Neither the Frontier Regiment nor the Texas Mounted Rifles of State Troops was entirely efficient or successful in their missions — how could they have been?  The West Texas prairie was vast landscape with widely dispersed settlements.  No one could anticipate with certainty where hostiles would appear next — or from which direction.  The only real accomplishment of either organization was that it offered some reassurance to isolated settlers during an anxious time.  This sense of well-being disappeared, however, when settlers noted that they were completed surrounded by Indian war parties.

As predicted, the regiment’s transfer to the Confederacy generated enormous insecurity and vulnerability along the entire Texas frontier.  Texas Indian wars from 1861 to 1865 had always been the Confederacy’s step-child.  Confederate officials in Richmond completely ignored the fact that Texans were fighting a two-front war.  Despite the outrage of West Texans, ranger companies withdrew within weeks.

In April 1864, McCord received orders to assemble what remained of the regiment for service in Grimes County (East Texas), where Lincoln’s Emancipation Proclamation produced tensions between slaver owners and a much higher population of slaves.  In West Texas, settlers became contemptuous of the Confederacy and State legislature in equal measure — but this condition would only become worse.

Earlier, in late December 1863, anticipating the loss of the Texas Mounted Rifles, the tenth Texas legislature reorganized the frontier with a new law declaring that all persons eligible for military service, who resided within the frontier counties, would be required to serve in ranging companies.  The companies would involve from 25 to 60 men each.[15]  Texas intended to appoint an officer serving in the rank of major of cavalry to command each of the three frontier districts.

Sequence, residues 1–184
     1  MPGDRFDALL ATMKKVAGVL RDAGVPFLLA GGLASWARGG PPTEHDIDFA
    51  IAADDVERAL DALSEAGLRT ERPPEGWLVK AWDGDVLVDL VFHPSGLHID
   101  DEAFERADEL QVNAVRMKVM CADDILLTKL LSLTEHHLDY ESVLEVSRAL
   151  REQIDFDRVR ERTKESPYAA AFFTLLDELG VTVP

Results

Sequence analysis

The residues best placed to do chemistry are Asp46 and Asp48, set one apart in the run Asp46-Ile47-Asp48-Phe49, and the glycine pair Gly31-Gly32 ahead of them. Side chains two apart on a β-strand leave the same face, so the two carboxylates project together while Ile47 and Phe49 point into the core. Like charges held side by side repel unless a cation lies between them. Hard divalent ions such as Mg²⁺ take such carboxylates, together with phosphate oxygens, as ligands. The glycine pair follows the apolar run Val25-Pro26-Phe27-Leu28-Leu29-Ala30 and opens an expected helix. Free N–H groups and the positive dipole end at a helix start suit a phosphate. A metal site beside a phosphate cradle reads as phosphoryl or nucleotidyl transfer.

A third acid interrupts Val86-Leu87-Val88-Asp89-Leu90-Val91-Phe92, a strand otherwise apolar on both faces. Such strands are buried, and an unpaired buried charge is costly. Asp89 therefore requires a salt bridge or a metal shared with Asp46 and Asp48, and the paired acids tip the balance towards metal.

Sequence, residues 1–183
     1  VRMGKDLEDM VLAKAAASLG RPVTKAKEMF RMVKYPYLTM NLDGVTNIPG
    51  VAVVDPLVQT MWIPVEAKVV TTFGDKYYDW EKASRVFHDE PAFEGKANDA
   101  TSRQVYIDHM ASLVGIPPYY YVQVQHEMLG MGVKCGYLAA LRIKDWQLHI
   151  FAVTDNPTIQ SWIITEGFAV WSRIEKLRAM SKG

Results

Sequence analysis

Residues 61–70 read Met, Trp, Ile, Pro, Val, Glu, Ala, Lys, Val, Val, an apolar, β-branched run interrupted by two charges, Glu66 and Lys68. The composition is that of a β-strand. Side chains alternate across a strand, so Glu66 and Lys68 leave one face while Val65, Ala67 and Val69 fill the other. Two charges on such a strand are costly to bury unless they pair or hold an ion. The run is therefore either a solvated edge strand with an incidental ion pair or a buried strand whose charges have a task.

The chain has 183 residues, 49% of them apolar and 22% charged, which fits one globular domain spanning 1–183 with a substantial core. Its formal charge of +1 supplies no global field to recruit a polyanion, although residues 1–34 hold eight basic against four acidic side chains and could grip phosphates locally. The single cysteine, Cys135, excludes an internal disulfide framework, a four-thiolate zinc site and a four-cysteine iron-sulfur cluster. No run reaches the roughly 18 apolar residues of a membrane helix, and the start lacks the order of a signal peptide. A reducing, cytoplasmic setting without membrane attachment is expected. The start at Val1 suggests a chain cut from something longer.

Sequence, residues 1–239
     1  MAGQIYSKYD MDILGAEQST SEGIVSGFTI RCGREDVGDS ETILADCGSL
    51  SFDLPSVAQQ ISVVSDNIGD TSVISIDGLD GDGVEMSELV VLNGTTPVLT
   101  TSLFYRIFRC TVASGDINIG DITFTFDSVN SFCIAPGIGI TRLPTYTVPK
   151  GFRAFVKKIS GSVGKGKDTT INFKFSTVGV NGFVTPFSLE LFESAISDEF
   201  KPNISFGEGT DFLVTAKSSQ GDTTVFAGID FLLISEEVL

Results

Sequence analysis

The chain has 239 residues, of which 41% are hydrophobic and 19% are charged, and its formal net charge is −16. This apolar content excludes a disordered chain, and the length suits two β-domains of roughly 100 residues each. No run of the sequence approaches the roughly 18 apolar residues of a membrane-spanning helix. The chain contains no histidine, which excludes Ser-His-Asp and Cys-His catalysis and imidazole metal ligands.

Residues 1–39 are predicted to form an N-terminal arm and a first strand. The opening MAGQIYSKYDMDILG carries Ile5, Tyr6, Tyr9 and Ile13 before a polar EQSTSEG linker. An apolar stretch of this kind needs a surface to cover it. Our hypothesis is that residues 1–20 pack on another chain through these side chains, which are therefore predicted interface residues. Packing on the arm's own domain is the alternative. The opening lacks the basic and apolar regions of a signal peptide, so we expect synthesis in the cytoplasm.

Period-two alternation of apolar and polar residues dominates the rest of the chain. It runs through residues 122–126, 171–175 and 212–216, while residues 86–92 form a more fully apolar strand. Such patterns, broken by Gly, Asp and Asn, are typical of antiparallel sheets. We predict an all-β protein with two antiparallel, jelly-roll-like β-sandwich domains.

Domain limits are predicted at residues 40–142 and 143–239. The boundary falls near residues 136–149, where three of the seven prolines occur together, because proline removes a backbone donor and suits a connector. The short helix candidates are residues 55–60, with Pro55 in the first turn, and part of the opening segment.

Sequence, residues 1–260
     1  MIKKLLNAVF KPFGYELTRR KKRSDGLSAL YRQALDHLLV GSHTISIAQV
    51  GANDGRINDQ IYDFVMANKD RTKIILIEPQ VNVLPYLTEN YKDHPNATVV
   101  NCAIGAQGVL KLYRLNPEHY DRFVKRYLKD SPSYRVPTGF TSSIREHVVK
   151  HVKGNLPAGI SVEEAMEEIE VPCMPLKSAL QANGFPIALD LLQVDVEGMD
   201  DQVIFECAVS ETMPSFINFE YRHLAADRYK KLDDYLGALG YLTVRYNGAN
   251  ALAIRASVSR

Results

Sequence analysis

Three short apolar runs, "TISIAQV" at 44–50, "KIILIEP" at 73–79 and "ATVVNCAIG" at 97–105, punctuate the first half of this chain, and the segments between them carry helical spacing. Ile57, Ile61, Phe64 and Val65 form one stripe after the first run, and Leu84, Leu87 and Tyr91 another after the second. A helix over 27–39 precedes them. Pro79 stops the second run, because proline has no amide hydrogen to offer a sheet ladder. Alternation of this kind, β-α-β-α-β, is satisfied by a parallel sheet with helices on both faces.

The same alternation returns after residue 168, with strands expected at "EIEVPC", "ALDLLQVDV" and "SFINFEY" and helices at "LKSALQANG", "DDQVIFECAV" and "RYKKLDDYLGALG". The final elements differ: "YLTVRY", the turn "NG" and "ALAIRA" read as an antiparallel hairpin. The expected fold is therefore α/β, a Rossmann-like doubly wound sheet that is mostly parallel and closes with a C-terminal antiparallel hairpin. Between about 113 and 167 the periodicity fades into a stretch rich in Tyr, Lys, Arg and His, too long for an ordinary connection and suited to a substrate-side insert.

These frontier district commanders required that a quarter of their men serve on active service at all times, on a rotational basis.  In January 1864, Governor Murrah appointed William Quayle (1st Frontier District, Decatur),[16] George Erath (2nd Frontier District, Gatesville),[17] and James Hunter (3rd Frontier District, Fredericksburg).[18]  By 1 March, four-thousand men served in the new Frontier Regiment — whether they wanted to or not.

Quayle’s ill health prompted the appointment of James Webb Throckmorton to replace him in December 1864.[19]  John Henry Brown replaced Hunter in January 1865.[20]  Owing to Brown’s service under Colonel John S. “Rip” Ford, responsibility for coordinating affairs in the 2nd and 3rd frontier districts fell to John D. McAdoo, Brigadier General of State Troops.  Yet, despite these changes of key personnel, these frontier troops did an exceptional job protecting settlements from Indians and Union radicals.  They also enforced Confederate conscription and rounded up deserters.  On average, the rangers spent ten days in the saddle.

At Ellison Springs

The Ellison Springs Fight was typical of small unit actions on the Texas frontier during the Civil War.  Captain Singleton (Sing) Gilbert commanded a frontier company within Major Erath’s 2nd Frontier District at Nash Springs, approximately 3-miles north of present-day Gorman, Texas.  On 9 August 1864, Gilbert dispatched a squad of eight men under Corporal James L. Head to conduct a ten-day scouting patrol.  That morning, Corporal Head came upon fresh Indian sign moving southward, which he estimated involved between 30-50 Indians of unknown intent.  The squad followed the trail for twenty miles before overtaking the war party at a ranch several miles west of Gorman, near Ellison Springs.  Being outnumbered, Head withdrew to Captain Gilbert’s Ranch, a few miles away.  The 30-year-old Captain Gilbert mustered additional guns from among his ranch hands, bringing the strength of the frontier force to around 16 men.  Once assembled, Gilbert foolishly led his men into a frontal assault against the Indians — several whom were on foot carrying blankets and bridles for horses they intended to steal.